In return, the Konwins promised:
1. To do no harm.
2. Not to cost the landlords any money.
3. To make the windows look good.
Branford House Antiques is located on Route 7 South on the border between Brandon and Pittsford, hence the name. The business occupies the former Pomainville farmhouse and barn in what’s known as “The Dip.” Konwin said what’s good for Brandon village is good for him.
“If people don’t think Brandon is successful, they won’t come by my store and shop,” he said simply.
Asked about the surge of new local downtown business owners, Konwin said it’s all about creativity.
“I think it shows people have ideas, and who knows what can come of that?” he said.
The space under Café Provence was occupied by the Contrary Mary arts & crafts store that went out of business during the summer after just over a year.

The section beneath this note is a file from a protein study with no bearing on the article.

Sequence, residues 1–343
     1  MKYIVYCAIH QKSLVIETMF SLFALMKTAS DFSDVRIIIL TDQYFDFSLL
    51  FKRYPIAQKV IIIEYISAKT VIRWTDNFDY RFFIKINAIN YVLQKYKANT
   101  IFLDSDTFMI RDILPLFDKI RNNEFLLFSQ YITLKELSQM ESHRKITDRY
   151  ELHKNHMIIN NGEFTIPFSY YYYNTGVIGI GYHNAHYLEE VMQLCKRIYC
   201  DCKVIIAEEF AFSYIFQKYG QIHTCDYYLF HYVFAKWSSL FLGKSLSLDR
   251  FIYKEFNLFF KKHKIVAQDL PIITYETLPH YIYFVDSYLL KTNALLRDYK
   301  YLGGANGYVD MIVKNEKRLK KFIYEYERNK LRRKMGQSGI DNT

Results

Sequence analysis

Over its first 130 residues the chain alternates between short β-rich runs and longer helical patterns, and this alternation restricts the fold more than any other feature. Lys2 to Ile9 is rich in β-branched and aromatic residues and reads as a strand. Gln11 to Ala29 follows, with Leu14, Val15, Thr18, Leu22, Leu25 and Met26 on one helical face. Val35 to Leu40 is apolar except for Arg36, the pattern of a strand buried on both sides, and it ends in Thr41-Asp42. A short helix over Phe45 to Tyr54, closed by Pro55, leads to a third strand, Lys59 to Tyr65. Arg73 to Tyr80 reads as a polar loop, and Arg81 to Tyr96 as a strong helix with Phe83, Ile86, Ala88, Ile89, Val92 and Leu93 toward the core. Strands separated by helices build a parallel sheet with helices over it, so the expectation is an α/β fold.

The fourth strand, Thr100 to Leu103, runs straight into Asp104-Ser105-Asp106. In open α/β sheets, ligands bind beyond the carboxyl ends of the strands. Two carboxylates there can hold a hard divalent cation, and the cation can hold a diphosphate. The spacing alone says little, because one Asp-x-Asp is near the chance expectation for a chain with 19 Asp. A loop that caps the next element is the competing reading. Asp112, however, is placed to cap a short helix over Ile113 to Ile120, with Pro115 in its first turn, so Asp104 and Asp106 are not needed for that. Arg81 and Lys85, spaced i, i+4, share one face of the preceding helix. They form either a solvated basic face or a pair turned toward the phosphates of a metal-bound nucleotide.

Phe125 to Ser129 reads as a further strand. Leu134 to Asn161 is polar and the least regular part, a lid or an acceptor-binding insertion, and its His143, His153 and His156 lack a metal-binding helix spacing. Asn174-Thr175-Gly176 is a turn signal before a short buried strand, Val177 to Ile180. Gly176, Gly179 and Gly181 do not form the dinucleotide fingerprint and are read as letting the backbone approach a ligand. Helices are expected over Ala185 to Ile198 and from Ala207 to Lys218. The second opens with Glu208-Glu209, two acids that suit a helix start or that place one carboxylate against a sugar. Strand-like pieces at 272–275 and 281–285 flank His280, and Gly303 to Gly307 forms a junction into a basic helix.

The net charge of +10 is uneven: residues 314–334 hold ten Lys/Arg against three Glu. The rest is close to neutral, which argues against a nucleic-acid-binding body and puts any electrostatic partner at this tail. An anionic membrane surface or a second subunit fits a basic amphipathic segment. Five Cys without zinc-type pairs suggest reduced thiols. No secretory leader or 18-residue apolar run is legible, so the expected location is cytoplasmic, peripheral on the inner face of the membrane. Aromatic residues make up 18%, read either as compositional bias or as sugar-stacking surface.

Mike Seward is well known in New England antique circles, having been in the business for almost 30 years. He used to own Rutland Antiques in Rutland during the 1980s and since then has operated out of his home in Pittsford and from three different antiques centers in Middlebury, Cambridge, N.Y., and Northwood, N.H.
He moved into the downtown Brandon space in October.
“I like the looks of Brandon and I like the idea of Route 7 going through town,” he said. “I wanted to get some of the business out of the house.”
He will only be open on Fridays because he has to man the booths at the antiques centers, but Seward said business has been good, about 20-30 people a day.
“I get repeat customers, and they follow me,” he said, adding that 95 percent of his customers are fellow dealers.
“I don’t mark things up a lot, and I try to keep the prices manageable,” Seward said.
He is vice president of the Vermont Antique Dealers Association, and a member of both the New Hampshire and American antique dealers associations.
Seward said the popularity of Internet sites like eBay has changed the game for antique dealers, but not the way he does business.